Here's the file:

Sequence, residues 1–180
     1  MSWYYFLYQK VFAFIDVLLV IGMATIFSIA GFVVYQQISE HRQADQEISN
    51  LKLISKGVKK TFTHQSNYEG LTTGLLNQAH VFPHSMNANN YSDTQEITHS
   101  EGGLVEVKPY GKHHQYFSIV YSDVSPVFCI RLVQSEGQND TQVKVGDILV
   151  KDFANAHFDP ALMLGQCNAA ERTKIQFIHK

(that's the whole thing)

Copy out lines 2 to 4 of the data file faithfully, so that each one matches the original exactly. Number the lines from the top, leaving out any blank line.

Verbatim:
     1  MSWYYFLYQK VFAFIDVLLV IGMATIFSIA GFVVYQQISE HRQADQEISN
    51  LKLISKGVKK TFTHQSNYEG LTTGLLNQAH VFPHSMNANN YSDTQEITHS
   101  EGGLVEVKPY GKHHQYFSIV YSDVSPVFCI RLVQSEGQND TQVKVGDILV